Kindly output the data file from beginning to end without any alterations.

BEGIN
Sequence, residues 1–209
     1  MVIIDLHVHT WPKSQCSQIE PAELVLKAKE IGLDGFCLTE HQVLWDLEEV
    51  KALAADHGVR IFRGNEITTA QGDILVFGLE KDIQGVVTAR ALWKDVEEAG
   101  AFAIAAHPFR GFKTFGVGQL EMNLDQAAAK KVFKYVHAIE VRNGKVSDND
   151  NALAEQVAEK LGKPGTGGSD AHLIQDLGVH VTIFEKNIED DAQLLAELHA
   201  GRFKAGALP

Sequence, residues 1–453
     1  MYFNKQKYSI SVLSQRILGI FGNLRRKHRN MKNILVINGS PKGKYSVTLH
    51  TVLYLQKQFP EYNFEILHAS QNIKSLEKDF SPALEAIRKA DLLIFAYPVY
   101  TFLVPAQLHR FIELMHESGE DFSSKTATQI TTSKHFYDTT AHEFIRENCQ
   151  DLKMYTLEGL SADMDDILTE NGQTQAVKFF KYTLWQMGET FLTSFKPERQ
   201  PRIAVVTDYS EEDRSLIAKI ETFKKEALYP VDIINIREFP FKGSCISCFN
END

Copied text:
Sequence, residues 1–209
     1  MVIIDLHVHT WPKSQCSQIE PAELVLKAKE IGLDGFCLTE HQVLWDLEEV
    51  KALAADHGVR IFRGNEITTA QGDILVFGLE KDIQGVVTAR ALWKDVEEAG
   101  AFAIAAHPFR GFKTFGVGQL EMNLDQAAAK KVFKYVHAIE VRNGKVSDND
   151  NALAEQVAEK LGKPGTGGSD AHLIQDLGVH VTIFEKNIED DAQLLAELHA
   201  GRFKAGALP

Sequence, residues 1–453
     1  MYFNKQKYSI SVLSQRILGI FGNLRRKHRN MKNILVINGS PKGKYSVTLH
    51  TVLYLQKQFP EYNFEILHAS QNIKSLEKDF SPALEAIRKA DLLIFAYPVY
   101  TFLVPAQLHR FIELMHESGE DFSSKTATQI TTSKHFYDTT AHEFIRENCQ
   151  DLKMYTLEGL SADMDDILTE NGQTQAVKFF KYTLWQMGET FLTSFKPERQ
   201  PRIAVVTDYS EEDRSLIAKI ETFKKEALYP VDIINIREFP FKGSCISCFN